Boeing has since helped fund crowdsourcing tools for manufacturing, partnering with UI Labs’ Digital Manufacturing Design and Innovation (DMDI) Institute as well as with industry players like Lockheed Martin and GE. DMDI Institute’s product, DMC, is described as Git for manufacturing. The product allows “designs to be “compiled” and tested like software projects before being prototyped in the physical world.” 
Where does increased crowdsourcing of design and engineering leave Boeing in the future? The company has slowly outsourced manufacturing over the decades and concentrated on designing and engineering. It may seem unintuitive for the company to then turn around and outsource even those capabilities. But I think that’s exactly what Boeing needs to do to remain competitive and to unlock the greatest level of creativity. It also allows it to reduce its engineering workforce needs over time, perhaps achieving a more ‘human capital light’ model. I would argue that this isn’t a shedding of Boeing’s core competency. Rather, I believe Boeing’s true competitive strength is in managing complex projects. It is equipped to navigate complex supply chains, regulatory frameworks, etc. Crowdsourcing aircraft designs won’t diminish that; it’ll only require more of it and bolster its competitive advantage.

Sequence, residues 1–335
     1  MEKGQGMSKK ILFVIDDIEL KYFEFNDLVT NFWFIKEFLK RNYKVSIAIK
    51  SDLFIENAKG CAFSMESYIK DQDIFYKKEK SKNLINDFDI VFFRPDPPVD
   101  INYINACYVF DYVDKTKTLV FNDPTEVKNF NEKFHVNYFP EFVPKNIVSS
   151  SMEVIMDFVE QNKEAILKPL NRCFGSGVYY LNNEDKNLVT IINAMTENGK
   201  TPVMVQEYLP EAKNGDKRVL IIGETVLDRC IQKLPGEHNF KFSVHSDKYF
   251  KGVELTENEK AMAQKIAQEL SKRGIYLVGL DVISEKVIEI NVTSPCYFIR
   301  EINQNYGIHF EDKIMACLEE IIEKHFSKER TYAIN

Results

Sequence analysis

The Boeing Company 2016 Annual Report and 10-K
 Wikipedia Article on the 787 Dreamliner
 CBS News Article
Student comments on Crowdsourcing the Boeing 787
Afaf, this was fascinating – great post! Do you know if Airbus is planning to utilize similar methods on future design processes (can they even, due to their structure)? Or have they already? I also wonder if the lack of commercial success / early teething issues will hamper future adoption of strategies like this, but it seems, to your point, like a really interesting direction for the company to move.
Thanks, Will! It looks like Airbus experimented with crowdsourcing for their new interiors, dubbed Airspace, which incorporated passenger feedback online (unveiled in 2016, will go into planes in 2017). So that’s maybe an even more “pure” form of crowdsourcing. But I’m not sure if they’ve done it with (more serious) things like airframe and wing design. In any case, I’m also curious to see if Boeing continues this move in its next moonshot project!
My first reaction after reading the beginning of this post was that crowdsourcing design was a bad idea since it could be seen as giving away their competitive advantage, but I think your perspective is very interesting. If their strength really is in managing complex processes then I think this could be a huge step towards lowering the costs of airplanes. However, I’m still skeptical given the post-launch issues that the Dreamliner encountered (batteries that caught fire, etc). I don’t know if the cause was directly or indirectly related to the design process but I think it’s worth Boeing taking pause to consider the downstream implications of a shorter, more dispersed design process.